RSPB Giving Nature a Home

Martyn Poynor (

Thousands of Cardiff children may miss out on wildlife project

20 January 2017

The RSPB says children will lose out after a nature project is scrapped due to lack of funding.

The organisation’s “Giving Nature a Home” project has been funded for the past three years through the 5p bag charge at Tesco supermarkets.

The funding arrangement ends at the start of April.

Since it began in 2014, the project has helped more than 20,000 Cardiff children spend time exploring wildlife in their school grounds and has run numerous free community events for families, in the city’s parks.

It was designed after an RSPB survey found only one in eight Welsh children felt connected to their natural environment. Wales came out bottom of the list for the UK.

Carolyn Robertson, Project Manager, RSPB Cymru (pictured below)  said, “If children don’t connect with nature,  they won’t want to look after it in the future. Further funding is critical if we want to improve on this shocking statistic.”


RSPB have run activities in 60% of the 114 primary schools in Cardiff.  The organisation says it wants to encourage children to enjoy wildlife on their doorstep, but are finding many children do not want to get their hands dirty.

Over the winter, staff have taken wheelbarrows full of earth and insects into St David’s shopping centre in Cardiff.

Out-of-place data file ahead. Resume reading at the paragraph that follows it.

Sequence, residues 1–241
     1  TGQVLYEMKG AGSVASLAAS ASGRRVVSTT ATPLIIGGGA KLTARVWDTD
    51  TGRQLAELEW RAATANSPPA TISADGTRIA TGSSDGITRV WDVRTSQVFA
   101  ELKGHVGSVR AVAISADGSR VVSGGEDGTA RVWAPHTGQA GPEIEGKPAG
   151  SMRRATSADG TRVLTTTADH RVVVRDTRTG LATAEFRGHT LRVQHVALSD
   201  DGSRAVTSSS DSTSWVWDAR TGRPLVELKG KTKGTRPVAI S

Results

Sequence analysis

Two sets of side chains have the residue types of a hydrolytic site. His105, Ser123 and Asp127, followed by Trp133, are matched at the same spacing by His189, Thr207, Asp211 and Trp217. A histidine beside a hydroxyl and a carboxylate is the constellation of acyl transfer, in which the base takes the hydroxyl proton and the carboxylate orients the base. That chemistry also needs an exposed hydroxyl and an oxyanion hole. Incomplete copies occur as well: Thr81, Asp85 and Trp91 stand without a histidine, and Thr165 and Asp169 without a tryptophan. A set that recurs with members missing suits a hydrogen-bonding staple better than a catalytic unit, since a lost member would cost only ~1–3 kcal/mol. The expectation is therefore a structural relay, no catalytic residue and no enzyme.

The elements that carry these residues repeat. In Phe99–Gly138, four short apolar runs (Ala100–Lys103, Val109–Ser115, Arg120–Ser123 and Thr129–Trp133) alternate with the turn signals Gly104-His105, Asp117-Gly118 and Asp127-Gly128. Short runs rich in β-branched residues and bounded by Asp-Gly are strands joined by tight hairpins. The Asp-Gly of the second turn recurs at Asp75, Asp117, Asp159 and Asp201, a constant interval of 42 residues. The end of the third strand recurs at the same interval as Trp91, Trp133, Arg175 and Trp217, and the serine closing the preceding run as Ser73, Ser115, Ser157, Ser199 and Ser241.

At one event funded through the project, 74,000 people crawled around inside a giant spider’s web in the trees of Bute Park, giving them a different perspective on the natural world around them.

Councillor Bob Derbyshire, Cabinet Member for Environment said, “We have some fantastic parks and green spaces in Cardiff but it can be all too easy to live in a city without giving any real thought to the natural world around us.”

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Carolyn Robertson said, “We know from the State of Nature in Wales report last year that 1 in 14 species face extinction in Wales and if you combine that with children’s disconnection with nature around them, the future looks very bleak for the environment.”

RSPB Cymru are looking for further funds to carry on running the project after April.


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